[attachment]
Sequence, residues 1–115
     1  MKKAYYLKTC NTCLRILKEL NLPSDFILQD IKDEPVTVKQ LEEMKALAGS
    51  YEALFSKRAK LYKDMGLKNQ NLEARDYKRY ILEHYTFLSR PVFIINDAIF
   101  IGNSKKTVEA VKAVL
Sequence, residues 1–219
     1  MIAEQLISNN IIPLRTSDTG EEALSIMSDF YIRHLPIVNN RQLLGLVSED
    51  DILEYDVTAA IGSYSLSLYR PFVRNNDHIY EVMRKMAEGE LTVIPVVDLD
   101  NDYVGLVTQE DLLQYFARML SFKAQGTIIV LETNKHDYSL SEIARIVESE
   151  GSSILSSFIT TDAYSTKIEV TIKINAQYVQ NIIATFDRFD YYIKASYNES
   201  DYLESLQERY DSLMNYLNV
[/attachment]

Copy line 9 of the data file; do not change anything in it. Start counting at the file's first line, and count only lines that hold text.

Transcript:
   151  GSSILSSFIT TDAYSTKIEV TIKINAQYVQ NIIATFDRFD YYIKASYNES